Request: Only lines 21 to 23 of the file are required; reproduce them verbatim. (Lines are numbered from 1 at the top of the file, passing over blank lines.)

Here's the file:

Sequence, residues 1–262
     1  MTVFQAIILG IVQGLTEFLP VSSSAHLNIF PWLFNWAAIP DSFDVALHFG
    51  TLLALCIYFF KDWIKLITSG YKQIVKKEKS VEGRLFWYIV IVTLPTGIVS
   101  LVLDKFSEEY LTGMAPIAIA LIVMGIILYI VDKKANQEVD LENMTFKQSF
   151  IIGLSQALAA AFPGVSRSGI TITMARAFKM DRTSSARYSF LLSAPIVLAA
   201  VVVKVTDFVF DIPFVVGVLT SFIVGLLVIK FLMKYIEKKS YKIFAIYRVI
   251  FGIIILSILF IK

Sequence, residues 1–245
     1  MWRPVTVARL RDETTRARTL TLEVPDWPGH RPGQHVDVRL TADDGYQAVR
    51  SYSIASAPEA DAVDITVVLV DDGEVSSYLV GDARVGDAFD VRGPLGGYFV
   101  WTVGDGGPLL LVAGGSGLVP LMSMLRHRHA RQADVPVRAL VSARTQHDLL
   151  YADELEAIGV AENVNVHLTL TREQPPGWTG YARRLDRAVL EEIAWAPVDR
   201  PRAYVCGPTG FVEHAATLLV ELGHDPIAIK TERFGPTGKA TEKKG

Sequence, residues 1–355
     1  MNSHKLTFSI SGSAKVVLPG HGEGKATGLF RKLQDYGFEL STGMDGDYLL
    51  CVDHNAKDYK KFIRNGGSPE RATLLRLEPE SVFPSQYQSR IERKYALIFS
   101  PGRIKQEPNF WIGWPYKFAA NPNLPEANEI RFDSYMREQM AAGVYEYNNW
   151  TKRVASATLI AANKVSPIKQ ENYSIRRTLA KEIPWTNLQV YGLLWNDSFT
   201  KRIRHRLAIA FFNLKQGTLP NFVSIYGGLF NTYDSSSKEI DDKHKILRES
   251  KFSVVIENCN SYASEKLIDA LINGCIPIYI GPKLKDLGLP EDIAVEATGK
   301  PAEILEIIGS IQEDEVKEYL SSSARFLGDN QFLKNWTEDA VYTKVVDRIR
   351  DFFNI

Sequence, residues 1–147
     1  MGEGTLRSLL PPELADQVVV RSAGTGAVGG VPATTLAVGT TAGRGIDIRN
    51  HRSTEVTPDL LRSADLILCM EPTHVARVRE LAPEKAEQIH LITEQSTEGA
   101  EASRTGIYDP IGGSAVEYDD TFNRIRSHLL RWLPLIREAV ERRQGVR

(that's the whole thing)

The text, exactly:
   301  PAEILEIIGS IQEDEVKEYL SSSARFLGDN QFLKNWTEDA VYTKVVDRIR
   351  DFFNI

Sequence, residues 1–147